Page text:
“If you can clearly articulate the dream or the goal, start.”
As you noticed. I stopped posting. Not just here, but almost everywhere. Not one to post apologies for disappearing. Life is a roller coaster, publishing is a difficult priority to maintain.
I think the reason I stopped (much like the reason anyone ever procrastinates) is because I lacked clarity. It’s hard to do anything if you don’t know what you’re doing. Even harder if you don’t know why you’re doing it.
But you’re back?
Yeah! I finally have clarity on what is worth writing about. I have a clear vision for what I can publish that no one else can. What I think is worth doing.
As I’ve stumbled my way through the last few months, I’ve discovered some personal values that I think I can apply very neatly to this blog.
The first is the idea of Map Making, which is now the title of this blog.
Map making is the language of talking about which ideas work best. Not which are “right” or “wrong.” Why? Because we’re all looking for ideas that work.
Map making is an idea that has humility and openness to discussion build into its very core.
More detail on map making in an upcoming post.
From now on I want this blog to have a very clear goal: detail the frameworks I use to think about the world, explain why I use them, and communicate the stories of how I discovered those frameworks.
I want to share my tricks for thinking about life, but also the foundational content that helped me come up with those tricks. Most importantly I want to discuss why I use them.
For example, I have a post in the works about “sustainable” vs. “beneficial.” Why? Because I think everyone wants to be “sustainable” and always has.
The problem is that we don’t realize what is or isn’t sustainable until it’s already built. If we focus instead on “beneficial” we go one step further and change the game completely.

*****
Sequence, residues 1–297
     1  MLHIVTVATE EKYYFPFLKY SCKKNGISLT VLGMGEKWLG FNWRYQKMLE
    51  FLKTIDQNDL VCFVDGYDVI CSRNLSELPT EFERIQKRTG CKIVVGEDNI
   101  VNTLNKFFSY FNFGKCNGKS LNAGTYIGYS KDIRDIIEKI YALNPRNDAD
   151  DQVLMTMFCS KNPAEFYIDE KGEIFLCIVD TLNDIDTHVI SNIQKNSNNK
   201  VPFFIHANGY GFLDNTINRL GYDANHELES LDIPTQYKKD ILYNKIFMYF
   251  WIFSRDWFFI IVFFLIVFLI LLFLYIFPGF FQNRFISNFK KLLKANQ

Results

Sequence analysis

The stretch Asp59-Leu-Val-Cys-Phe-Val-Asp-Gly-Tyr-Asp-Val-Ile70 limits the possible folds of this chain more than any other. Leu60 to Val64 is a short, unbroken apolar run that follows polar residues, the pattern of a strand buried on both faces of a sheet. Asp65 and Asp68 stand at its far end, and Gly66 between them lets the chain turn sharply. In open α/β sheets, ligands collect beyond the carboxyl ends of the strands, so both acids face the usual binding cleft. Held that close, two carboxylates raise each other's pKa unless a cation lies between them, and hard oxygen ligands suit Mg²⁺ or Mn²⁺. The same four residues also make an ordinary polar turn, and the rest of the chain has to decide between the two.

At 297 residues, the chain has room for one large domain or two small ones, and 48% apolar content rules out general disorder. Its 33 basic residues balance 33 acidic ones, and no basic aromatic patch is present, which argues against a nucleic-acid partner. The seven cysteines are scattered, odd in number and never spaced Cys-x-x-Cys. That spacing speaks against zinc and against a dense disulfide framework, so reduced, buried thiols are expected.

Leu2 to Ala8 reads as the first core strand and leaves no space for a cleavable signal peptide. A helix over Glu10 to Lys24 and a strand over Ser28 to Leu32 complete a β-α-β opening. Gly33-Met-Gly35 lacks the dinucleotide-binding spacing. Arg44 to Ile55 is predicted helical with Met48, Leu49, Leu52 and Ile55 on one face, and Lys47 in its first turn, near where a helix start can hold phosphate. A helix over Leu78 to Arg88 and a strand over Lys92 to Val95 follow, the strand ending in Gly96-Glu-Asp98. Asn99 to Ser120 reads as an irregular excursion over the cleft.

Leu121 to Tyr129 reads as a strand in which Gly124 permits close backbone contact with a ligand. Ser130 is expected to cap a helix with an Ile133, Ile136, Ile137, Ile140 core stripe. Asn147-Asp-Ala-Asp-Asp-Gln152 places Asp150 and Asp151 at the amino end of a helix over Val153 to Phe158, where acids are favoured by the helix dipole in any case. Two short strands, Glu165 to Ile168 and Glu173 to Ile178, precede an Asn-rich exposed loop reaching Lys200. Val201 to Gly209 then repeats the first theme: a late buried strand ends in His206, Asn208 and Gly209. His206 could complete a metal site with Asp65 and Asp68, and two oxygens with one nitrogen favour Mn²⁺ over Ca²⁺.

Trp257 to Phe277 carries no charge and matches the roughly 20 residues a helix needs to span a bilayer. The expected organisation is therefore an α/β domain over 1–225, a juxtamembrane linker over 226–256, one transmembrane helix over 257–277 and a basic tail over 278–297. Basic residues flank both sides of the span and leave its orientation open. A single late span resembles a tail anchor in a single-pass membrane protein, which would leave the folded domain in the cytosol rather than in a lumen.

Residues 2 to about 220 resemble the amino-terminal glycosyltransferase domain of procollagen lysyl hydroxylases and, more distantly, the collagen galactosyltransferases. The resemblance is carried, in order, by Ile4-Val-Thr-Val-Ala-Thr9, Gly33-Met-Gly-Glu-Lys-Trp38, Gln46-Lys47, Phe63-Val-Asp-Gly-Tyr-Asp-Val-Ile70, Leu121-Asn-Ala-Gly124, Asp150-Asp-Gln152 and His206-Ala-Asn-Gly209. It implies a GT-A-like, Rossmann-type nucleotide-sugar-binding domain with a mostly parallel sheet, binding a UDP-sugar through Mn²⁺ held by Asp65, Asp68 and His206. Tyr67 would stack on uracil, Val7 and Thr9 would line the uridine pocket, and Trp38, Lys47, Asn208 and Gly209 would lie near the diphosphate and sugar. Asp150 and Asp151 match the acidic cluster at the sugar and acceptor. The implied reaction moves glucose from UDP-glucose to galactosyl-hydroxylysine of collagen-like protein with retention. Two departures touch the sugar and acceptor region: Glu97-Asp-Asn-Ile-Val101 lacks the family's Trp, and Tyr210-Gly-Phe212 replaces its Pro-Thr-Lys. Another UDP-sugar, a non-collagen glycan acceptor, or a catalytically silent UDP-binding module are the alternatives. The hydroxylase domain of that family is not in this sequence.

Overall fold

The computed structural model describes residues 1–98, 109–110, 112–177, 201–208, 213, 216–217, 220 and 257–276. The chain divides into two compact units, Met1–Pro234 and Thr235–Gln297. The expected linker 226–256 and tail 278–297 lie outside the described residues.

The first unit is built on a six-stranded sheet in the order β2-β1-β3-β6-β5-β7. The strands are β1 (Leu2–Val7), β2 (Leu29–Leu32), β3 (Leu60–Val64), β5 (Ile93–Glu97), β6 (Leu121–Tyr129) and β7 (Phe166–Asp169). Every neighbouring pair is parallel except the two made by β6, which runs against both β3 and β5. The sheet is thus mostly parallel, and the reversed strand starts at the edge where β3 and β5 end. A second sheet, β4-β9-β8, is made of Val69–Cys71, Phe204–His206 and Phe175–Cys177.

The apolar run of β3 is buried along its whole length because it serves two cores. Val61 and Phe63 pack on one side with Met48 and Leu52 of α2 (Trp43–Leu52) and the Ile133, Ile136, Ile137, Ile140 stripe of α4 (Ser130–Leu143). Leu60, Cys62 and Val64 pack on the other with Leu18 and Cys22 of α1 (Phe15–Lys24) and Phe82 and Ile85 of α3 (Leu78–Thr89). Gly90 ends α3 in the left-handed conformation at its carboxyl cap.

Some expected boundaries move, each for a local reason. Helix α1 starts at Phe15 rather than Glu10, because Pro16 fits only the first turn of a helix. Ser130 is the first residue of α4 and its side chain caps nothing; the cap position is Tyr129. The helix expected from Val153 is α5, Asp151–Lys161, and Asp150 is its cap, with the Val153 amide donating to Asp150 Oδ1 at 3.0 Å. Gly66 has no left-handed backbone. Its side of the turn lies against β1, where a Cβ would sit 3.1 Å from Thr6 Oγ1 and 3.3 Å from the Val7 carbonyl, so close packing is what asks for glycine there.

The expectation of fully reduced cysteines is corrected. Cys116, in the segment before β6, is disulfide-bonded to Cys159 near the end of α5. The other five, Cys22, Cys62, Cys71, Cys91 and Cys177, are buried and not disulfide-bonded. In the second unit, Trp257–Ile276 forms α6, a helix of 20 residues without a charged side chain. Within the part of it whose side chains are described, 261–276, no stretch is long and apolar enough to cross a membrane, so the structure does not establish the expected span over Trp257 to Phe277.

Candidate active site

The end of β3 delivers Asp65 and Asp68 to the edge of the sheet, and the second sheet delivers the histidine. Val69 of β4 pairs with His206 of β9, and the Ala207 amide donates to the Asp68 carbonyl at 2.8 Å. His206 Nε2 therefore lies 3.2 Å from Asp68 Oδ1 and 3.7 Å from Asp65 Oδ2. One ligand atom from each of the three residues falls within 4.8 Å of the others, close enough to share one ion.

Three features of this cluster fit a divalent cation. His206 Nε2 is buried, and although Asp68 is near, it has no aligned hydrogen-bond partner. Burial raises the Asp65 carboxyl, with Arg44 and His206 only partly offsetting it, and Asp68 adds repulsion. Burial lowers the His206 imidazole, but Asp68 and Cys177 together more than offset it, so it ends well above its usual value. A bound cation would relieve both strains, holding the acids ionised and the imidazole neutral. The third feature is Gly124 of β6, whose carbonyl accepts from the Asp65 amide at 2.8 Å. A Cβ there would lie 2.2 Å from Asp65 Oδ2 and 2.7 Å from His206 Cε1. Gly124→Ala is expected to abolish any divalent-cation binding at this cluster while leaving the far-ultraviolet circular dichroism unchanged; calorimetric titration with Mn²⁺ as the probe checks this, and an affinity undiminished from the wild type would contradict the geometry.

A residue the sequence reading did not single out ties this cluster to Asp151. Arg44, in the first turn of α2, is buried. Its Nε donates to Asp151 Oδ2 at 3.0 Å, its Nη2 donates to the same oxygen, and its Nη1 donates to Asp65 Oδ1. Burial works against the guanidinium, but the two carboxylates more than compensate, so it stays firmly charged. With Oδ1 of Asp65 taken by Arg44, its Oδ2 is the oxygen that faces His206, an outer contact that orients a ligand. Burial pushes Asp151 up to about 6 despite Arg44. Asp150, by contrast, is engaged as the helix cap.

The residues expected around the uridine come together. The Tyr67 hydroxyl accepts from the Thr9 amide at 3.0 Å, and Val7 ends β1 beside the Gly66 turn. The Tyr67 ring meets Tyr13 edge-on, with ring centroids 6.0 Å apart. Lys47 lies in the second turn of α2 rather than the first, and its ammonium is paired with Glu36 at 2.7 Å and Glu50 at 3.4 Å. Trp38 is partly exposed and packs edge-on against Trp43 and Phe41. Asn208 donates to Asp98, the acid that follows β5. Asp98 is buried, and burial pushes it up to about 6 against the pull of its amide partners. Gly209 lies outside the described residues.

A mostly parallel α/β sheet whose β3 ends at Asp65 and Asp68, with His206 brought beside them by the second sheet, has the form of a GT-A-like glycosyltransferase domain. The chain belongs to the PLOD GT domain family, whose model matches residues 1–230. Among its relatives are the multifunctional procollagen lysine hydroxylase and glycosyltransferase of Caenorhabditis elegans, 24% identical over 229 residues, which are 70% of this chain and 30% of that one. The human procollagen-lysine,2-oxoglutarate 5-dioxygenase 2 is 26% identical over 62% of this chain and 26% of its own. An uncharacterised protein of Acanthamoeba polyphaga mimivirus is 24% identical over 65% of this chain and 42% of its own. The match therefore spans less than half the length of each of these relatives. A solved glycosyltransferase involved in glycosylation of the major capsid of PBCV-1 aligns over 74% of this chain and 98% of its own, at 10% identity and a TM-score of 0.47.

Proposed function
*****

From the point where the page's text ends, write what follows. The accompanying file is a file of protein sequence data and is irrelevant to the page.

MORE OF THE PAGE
I think that’s a useful strategy.
What wasn’t working?
Originally I wanted to focus on “frameworks” as “heuristics of action” – things to neatly simplify how you think about the world.
I thought that approach would be a unique way to focus my blog into something fun, interesting, understandable, and useful.
I don’t think it is anymore.
I had a conversation recently about strategies vs. tactics with regard to self help material.
If you think about “strategy” as “the why” behind an approach, and you think about “tactic” as the “how,” you can think of the outcome as the “what.”
3 Parts: “why” you want it in the first place, “how” you get it, “what” you get.
The difficult part of most self-development material (Lifehacker, Tim Ferris, every blog ever) is the unwavering focus on tactics.
Read every blog post title ever: How to get what you want.
Even my personal hero and favorite TED talker of all time who preaches “start with why” (and who I quoted above) tends to talk most about the fact that you should start with why, but only briefly covers the foundational content of this unbelievable discovery.
He tells you how to start with why, but other than saying “People don’t buy what you do, they buy why you do it” he focuses on tactics.
So I’ll ask: Why should you start with why?
The fact of the matter is this: humans are naturally tactical. We are biological masters of “how” – built to solve for the optimal solution given as much information as possible.
Yet, we insist on communicating with each other using moral imperatives and prescriptive language. (“should,” “shouldn’t,” “right,” “wrong”)
If our goal is to enable effective action (and learning and growth), those who share foundations with people are successful.
When people know why something is worth doing, doing it comes naturally.
If we share our reasoning, our motivations, and our stories: mistakes, struggles toward our goal, we bring others along for the ride. We invite them into the process of making new things.
Our motivations – our reasons “why” we do our work are the foundational content that will enable other people to participate in our work.
Why is why so important?
Share your best understanding of why you’re doing what you’re doing, not what you’re doing or how you’re doing it because it works.
Share your motivations and the stories about how you got there to help other people imagine the future with you.
Why is important because it starts the conversation from its foundation and builds from there, instead of reasoning by analogy or tactic.
To explore foundational thinking more, watch this: